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Foiled terrorist attacks in UK rise to 22

Neil Basu has revealed that the number of attacks foiled since the Westminster atrocity in March 2017 has risen to 22, with seven relating to suspected far-right terror.

The assistant commissioner, the UK’s most senior counter-terrorism officer, was speaking at a conference in Israel and disclosed the updated figure as he outlined the law enforcement case in support of the government’s sometimes divisive anti-radicalisation strategy, Prevent.

Since the March 2017 attack by Khalid Masood on Westminster Bridge, the number of foiled terrorist plots in the UK has risen from 19 to 22.

Basu welcomed Lord Carlile’s appointment to scrutinise the government strategy which aims to stop people from being drawn into terrorism, but urged him to ignore ‘malign detractors’ of the programme and advocated a public health approach.

He said: “Rather than just treat the symptoms of terrorism we must treat the causes.  Prevent – which offers a bespoke programme of support for vulnerable individuals – is the closest thing to a public health solution we have. Evidence indicates people with extremist views are more likely to be moved to violence when they feel excluded. We need to help people who see their position in society as hopeless to find hope – help them find a ‘family’ that believes in society, not a gang that wants to tear it apart.”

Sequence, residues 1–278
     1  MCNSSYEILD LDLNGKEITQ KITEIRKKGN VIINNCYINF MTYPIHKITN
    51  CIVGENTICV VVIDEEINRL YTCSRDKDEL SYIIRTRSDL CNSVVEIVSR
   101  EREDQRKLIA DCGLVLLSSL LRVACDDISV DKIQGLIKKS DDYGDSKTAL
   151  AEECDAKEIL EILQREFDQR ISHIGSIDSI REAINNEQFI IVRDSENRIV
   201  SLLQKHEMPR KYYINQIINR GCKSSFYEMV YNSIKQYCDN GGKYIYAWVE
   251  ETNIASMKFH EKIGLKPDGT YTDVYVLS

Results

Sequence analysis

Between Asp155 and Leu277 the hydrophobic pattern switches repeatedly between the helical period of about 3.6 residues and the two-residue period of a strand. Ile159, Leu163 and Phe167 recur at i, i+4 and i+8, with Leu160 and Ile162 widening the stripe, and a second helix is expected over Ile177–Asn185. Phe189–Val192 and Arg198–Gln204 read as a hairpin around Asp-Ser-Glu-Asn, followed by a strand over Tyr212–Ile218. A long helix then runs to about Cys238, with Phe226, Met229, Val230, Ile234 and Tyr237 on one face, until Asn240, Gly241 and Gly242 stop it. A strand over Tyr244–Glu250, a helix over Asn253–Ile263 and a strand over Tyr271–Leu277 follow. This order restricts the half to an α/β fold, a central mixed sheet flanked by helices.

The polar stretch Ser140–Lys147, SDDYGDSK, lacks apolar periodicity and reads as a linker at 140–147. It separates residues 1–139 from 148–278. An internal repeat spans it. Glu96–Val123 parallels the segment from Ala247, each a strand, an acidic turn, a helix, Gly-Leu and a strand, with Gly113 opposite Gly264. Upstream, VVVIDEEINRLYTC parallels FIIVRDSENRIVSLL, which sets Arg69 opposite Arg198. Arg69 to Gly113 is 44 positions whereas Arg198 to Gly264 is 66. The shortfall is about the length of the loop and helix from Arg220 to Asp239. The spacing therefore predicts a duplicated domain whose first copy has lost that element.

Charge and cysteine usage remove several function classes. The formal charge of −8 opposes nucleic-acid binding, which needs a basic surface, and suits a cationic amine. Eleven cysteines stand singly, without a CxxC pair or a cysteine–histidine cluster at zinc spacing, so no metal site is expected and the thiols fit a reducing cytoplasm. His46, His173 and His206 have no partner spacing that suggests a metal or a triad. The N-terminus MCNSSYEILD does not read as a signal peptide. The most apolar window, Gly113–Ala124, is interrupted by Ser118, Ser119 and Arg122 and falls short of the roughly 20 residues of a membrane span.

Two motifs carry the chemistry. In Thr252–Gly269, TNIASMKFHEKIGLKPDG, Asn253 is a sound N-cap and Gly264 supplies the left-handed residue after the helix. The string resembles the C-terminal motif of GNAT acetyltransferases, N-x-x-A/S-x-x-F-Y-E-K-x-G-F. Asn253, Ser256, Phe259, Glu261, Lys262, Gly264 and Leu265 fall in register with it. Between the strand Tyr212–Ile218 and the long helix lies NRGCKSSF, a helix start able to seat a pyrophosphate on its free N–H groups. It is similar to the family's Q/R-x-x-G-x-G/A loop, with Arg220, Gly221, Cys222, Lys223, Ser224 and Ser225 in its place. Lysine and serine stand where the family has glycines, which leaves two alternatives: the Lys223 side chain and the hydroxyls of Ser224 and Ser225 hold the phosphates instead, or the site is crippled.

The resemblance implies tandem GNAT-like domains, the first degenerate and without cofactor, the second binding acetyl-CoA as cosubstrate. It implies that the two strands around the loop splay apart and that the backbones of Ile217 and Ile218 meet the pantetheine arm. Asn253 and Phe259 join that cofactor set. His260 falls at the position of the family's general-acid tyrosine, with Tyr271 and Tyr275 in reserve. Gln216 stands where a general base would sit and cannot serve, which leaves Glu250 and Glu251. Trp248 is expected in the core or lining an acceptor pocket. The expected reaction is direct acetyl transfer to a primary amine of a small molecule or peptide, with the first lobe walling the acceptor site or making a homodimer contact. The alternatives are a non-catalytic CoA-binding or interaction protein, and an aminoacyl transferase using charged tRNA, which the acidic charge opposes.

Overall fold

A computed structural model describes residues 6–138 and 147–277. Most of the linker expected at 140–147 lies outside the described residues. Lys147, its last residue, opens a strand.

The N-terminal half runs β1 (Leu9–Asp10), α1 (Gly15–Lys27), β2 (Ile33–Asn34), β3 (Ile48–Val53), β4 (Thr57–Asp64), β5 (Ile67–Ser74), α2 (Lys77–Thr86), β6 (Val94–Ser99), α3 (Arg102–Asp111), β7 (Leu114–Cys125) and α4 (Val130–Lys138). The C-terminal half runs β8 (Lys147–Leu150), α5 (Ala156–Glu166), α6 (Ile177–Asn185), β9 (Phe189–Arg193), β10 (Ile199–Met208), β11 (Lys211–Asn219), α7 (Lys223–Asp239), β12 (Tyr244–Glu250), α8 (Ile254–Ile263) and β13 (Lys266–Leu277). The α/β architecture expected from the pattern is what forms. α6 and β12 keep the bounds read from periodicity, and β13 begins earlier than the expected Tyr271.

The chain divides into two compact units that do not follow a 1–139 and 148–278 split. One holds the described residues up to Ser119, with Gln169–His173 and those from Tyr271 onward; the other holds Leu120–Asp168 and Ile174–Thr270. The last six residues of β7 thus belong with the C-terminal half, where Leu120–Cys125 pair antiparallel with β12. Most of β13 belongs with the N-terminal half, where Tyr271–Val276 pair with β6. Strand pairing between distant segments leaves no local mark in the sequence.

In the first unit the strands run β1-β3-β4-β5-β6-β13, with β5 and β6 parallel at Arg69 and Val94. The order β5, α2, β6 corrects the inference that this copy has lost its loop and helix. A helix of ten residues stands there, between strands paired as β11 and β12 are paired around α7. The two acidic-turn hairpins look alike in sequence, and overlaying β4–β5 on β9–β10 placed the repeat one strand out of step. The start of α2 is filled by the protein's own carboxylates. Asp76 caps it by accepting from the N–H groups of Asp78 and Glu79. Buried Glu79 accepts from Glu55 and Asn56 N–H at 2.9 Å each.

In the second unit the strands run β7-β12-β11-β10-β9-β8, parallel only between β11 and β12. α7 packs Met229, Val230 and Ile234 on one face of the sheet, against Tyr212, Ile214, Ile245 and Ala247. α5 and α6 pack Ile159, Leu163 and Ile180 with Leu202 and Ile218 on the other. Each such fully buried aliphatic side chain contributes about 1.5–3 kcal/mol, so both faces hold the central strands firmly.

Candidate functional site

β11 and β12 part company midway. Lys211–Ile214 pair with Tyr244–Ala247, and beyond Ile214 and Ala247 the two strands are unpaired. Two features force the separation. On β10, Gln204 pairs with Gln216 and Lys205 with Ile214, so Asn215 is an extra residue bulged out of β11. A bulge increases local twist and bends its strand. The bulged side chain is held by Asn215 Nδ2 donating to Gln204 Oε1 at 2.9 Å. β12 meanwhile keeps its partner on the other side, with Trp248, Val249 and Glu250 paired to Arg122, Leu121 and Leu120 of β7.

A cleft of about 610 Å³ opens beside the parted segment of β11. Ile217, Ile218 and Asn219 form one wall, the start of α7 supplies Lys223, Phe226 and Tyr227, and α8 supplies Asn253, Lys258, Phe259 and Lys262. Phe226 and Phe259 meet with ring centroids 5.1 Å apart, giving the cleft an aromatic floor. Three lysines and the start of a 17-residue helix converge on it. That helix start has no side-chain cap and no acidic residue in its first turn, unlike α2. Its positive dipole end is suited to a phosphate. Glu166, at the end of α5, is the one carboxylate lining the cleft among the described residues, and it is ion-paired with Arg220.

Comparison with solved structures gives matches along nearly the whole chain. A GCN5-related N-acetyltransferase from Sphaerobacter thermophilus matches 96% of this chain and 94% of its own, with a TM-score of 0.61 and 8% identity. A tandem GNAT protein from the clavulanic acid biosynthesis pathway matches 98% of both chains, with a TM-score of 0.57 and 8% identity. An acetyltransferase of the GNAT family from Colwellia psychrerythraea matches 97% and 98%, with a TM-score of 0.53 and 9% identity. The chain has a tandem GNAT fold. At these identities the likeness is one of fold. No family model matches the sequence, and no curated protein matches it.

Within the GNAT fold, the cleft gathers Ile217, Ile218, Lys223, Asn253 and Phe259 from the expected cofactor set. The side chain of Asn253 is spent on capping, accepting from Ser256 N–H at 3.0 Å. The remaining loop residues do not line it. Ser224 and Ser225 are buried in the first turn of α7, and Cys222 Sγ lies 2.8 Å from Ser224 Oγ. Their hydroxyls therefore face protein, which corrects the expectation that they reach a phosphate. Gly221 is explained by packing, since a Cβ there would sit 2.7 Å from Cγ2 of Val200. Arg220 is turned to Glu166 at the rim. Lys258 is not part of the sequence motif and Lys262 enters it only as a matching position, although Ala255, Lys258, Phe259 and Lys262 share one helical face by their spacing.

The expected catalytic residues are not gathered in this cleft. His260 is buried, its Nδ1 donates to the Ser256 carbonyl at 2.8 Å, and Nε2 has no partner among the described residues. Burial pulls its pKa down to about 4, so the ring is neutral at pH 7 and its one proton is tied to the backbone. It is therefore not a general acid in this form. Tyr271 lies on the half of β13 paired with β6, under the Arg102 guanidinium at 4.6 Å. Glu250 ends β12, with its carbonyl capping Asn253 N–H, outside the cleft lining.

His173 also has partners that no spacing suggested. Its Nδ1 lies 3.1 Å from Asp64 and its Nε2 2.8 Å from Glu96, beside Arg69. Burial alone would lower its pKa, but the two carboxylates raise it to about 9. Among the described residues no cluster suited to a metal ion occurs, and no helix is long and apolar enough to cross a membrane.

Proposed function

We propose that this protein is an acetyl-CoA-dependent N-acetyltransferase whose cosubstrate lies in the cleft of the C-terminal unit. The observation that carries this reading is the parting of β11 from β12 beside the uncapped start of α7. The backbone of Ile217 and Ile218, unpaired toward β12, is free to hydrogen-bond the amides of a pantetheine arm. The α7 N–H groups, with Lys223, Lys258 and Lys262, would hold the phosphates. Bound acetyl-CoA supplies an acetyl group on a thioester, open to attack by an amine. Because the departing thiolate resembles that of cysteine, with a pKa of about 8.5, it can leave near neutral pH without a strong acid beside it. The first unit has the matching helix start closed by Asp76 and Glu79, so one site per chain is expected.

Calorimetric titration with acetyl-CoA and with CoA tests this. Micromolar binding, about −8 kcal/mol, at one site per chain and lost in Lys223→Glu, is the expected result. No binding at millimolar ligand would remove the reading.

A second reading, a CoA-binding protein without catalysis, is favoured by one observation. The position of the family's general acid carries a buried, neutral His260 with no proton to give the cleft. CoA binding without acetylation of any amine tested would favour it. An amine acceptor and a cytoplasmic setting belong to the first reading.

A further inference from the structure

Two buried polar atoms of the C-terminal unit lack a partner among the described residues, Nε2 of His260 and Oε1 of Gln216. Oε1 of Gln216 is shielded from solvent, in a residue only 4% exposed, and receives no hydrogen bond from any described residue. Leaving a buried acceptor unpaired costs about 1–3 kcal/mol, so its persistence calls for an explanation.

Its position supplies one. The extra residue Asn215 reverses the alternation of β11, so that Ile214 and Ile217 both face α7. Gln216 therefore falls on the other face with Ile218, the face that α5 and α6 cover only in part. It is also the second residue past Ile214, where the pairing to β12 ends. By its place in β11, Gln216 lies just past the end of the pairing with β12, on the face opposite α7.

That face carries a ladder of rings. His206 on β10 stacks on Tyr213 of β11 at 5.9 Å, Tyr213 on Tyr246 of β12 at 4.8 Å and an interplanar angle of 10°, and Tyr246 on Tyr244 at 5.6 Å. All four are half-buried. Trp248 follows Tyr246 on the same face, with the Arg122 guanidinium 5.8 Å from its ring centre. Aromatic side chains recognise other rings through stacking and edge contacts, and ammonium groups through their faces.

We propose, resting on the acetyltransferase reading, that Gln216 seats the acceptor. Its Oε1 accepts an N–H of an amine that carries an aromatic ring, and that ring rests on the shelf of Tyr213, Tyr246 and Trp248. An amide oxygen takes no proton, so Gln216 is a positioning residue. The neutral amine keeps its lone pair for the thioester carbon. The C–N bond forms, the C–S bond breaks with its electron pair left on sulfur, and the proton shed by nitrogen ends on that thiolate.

Security Minister Brandon Lewis added: “We have seen how Prevent has supported many vulnerable people, stopping them from hurting others and themselves, and helping them turn their lives around. Since 2012, over 1,700 people have received tailored support through our Channel programme, with the vast majority leaving with no further CT concerns.

“We know Prevent works best when delivered in partnership with communities which is why we support community groups to deliver projects against all forms of radicalisation. Last year 181 community projects were delivered, reaching over 88,000 participants. More than half of these were delivered in schools, aimed at increasing young people’s resilience to terrorist and extremist ideologies.”



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